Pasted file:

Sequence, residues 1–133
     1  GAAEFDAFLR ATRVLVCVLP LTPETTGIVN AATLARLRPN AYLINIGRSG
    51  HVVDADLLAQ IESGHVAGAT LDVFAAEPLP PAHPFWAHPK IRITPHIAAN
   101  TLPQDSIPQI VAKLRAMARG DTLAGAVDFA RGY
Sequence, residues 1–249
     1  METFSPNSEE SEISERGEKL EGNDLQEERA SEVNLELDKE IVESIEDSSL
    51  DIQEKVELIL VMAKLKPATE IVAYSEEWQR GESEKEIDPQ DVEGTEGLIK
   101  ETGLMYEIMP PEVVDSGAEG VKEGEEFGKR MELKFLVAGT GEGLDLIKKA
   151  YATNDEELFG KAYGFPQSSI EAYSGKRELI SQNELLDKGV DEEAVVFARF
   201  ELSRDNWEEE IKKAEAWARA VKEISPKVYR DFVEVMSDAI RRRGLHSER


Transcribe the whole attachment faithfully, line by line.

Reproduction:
Sequence, residues 1–133
     1  GAAEFDAFLR ATRVLVCVLP LTPETTGIVN AATLARLRPN AYLINIGRSG
    51  HVVDADLLAQ IESGHVAGAT LDVFAAEPLP PAHPFWAHPK IRITPHIAAN
   101  TLPQDSIPQI VAKLRAMARG DTLAGAVDFA RGY
Sequence, residues 1–249
     1  METFSPNSEE SEISERGEKL EGNDLQEERA SEVNLELDKE IVESIEDSSL
    51  DIQEKVELIL VMAKLKPATE IVAYSEEWQR GESEKEIDPQ DVEGTEGLIK
   101  ETGLMYEIMP PEVVDSGAEG VKEGEEFGKR MELKFLVAGT GEGLDLIKKA
   151  YATNDEELFG KAYGFPQSSI EAYSGKRELI SQNELLDKGV DEEAVVFARF
   201  ELSRDNWEEE IKKAEAWARA VKEISPKVYR DFVEVMSDAI RRRGLHSER